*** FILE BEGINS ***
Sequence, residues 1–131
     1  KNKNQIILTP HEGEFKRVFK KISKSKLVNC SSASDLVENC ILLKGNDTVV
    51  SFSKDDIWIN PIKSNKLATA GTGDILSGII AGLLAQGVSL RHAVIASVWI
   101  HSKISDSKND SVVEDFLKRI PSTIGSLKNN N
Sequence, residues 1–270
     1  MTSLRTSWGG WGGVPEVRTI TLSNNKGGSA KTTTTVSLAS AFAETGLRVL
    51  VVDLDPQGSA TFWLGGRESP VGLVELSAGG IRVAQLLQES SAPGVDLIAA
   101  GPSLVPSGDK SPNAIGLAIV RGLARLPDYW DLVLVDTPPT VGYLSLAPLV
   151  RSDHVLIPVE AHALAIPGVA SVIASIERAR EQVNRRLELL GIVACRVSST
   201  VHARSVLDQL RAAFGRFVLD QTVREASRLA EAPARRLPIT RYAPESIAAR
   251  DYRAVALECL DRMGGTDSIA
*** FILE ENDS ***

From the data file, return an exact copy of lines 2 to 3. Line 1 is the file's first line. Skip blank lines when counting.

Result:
     1  KNKNQIILTP HEGEFKRVFK KISKSKLVNC SSASDLVENC ILLKGNDTVV
    51  SFSKDDIWIN PIKSNKLATA GTGDILSGII AGLLAQGVSL RHAVIASVWI